The prisoner had been caught, handcuffed and was being conveyed in the wagon to the lockup. Major Wheeler, Marshal Creary, Messrs. Stokes, Peck, Hopkins, Wads and several others were acting as the rear guard and the Statesman reporter and his equally brave companion fell in line to guard them and to cut off retreat from the rear. But on the march to jail nothing occurred of interest, only that the prisoner was the observed of all observers.

The Prisoner and his Appearance

The prisoner, who gave his name as Mark Tiner, and claimed to be from Rockdale and a cattle driver, is a man of ordinary height, straight and slender, about twenty two years old, with a illiterate dare devil look and small eyes. He had on a Mexican hat with a snake band, a jacket and dark leather overalls. He was not at all conversational, but said that he had been on a spree the night before. His complexion is light, and Marshall Creary and others were of the opinion that his hair, which was dark, and been colored. His appearance is very much the same as that of the man Taylor who was arrested a few weeks ago in this city, and who claimed to be a cousin of the notorious Jim Taylor of the Hardin gang, and some are of the opinion that this man is either the identical Jim Taylor or Hardin.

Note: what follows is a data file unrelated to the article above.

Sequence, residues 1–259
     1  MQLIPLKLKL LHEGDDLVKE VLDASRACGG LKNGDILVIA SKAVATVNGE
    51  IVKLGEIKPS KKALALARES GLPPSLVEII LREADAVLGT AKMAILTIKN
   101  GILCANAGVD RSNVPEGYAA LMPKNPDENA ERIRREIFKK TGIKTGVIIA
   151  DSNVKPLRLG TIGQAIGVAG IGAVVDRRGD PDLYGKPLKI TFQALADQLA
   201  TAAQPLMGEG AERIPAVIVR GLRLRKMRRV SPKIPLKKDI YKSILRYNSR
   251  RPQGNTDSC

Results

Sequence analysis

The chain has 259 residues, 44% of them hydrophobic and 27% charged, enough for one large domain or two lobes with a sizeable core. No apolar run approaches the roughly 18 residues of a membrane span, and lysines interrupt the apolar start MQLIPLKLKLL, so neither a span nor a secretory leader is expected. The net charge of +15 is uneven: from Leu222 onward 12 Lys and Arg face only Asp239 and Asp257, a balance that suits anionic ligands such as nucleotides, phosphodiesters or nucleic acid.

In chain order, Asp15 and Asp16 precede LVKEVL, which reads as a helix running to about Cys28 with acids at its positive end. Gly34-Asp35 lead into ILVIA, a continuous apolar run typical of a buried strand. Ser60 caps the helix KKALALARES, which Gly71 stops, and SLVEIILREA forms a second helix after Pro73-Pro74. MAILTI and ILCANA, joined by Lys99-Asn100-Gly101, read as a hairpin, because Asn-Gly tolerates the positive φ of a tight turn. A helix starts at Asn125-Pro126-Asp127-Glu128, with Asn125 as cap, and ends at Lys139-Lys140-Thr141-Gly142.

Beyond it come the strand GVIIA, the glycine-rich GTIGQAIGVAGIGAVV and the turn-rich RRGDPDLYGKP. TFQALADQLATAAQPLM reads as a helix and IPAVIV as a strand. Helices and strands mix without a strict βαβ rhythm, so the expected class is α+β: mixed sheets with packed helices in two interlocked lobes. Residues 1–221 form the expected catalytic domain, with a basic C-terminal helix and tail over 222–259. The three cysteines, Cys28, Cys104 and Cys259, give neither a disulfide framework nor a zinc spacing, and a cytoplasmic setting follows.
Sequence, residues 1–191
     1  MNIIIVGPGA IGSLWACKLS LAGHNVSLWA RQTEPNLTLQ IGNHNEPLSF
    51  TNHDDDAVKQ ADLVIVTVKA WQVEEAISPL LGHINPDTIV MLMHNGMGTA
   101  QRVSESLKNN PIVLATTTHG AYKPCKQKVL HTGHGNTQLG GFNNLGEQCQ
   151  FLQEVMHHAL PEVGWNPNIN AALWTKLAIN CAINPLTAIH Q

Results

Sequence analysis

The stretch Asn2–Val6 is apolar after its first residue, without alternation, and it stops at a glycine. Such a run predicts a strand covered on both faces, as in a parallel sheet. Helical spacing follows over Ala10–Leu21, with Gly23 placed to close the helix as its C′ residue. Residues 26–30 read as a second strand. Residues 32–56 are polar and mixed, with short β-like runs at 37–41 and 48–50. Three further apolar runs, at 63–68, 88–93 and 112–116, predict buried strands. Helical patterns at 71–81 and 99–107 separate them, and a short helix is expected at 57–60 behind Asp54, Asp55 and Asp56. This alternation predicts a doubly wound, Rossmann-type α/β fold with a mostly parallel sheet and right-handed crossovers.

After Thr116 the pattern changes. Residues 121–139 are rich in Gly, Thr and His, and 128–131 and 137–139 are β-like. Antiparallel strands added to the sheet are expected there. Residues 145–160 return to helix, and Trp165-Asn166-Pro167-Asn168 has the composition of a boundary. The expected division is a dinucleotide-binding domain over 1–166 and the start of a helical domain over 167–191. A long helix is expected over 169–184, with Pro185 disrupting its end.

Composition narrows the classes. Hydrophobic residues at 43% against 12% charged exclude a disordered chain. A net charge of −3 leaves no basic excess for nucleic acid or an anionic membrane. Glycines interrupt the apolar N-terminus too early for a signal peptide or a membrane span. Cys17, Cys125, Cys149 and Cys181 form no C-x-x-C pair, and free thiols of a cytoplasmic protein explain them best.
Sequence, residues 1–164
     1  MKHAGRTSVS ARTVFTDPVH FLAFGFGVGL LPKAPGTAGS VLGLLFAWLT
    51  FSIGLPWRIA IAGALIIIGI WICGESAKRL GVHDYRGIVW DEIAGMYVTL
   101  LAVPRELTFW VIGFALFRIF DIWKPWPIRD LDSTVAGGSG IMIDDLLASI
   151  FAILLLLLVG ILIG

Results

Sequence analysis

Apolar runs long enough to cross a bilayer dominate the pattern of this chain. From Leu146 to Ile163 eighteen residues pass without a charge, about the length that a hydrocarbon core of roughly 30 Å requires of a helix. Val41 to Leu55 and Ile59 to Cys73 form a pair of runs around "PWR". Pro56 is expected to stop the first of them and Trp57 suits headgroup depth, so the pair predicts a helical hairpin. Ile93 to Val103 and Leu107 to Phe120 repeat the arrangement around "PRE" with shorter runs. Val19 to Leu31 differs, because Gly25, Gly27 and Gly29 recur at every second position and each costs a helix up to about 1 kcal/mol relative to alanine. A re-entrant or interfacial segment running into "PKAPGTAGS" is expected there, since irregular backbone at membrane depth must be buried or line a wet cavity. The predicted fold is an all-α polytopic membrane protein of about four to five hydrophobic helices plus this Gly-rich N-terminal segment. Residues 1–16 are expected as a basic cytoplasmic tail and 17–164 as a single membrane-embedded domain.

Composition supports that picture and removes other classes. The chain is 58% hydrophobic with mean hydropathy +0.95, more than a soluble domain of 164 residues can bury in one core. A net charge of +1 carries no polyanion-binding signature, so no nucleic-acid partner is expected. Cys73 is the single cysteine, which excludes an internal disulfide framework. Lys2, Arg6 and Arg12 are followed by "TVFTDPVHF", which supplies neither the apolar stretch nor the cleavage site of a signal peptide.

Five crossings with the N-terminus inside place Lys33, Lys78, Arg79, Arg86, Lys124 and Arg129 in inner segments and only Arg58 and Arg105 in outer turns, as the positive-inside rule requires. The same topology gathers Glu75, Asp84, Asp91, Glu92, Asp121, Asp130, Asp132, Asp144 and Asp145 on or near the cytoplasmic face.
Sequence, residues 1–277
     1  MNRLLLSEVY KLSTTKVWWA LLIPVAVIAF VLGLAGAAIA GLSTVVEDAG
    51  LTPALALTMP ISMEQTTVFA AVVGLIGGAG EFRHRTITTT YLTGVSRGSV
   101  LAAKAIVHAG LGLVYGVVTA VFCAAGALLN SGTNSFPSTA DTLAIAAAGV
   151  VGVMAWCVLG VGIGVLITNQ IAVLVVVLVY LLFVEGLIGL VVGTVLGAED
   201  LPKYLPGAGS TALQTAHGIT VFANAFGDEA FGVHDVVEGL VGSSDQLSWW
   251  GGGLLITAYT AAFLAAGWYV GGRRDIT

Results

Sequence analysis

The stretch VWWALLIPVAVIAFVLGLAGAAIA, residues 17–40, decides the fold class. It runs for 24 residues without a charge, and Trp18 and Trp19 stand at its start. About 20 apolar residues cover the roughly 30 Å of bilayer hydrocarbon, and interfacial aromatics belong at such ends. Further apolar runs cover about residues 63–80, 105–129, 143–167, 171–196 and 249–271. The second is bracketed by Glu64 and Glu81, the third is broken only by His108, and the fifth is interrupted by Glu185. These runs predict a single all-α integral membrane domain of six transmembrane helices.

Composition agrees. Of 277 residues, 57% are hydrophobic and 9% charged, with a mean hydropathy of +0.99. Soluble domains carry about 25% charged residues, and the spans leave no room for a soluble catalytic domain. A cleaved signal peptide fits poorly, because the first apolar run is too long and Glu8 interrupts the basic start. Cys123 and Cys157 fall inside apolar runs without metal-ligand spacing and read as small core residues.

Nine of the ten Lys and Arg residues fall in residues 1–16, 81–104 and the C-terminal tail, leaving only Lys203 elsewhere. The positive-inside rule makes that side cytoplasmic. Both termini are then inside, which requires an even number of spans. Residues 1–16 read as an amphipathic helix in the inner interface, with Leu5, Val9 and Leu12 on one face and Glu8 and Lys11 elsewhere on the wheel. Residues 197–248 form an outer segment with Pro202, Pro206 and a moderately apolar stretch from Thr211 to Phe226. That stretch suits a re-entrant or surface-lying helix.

When first seen, Mark was walking, carrying a bridle in his hand, his horse having somehow escaped from him. When arrested by Messer's Stokes and Peck, he had left the road and was in Hancock's pasture, about three and a half miles north of the city. He made no resistance at arrest, though he was armed with a six-shooter, which had been emptied of four of it's shots. Before being locked up Tiner was taken before Mr. Fahey, the wounded policeman, and recognized as the party who shot him. Other policeman and citizens have also recognized him as the man who did the shooting on the streets.

Our Citizens deeply sympathize with Mr. Fahey, who was an efficient officer and who fell while in the discharge of his duty. Thought shot through the abdomen, there is hope of his recovery. His wife and family also have the sympathy of the public.

Source: Newspaper article located and transcribed by Pink Higgins.


Sacred to the memory of Cornelius Fahey whose life was sacrificed in the faithful discharge of his official duty at Austin ,Texas Mar 9, 1875. Born at Cork Ireland, A.D. 1840 Aged 35 years.

Gravesite Details First Austin, Texas Policeman to be killed in the line of duty.




  • Created by: C. Fahey
  • Added: 8 Jan 2007
  • Find A Grave Memorial 17355385
  • Find A Grave, database and images ( : accessed ), memorial page for Cornelius L Fahey (1840–9 Mar 1875), Find A Grave Memorial no. 17355385, citing Oakwood Cemetery, Austin, Travis County, Texas, USA ; Maintained by C. Fahey (contributor 46827298) .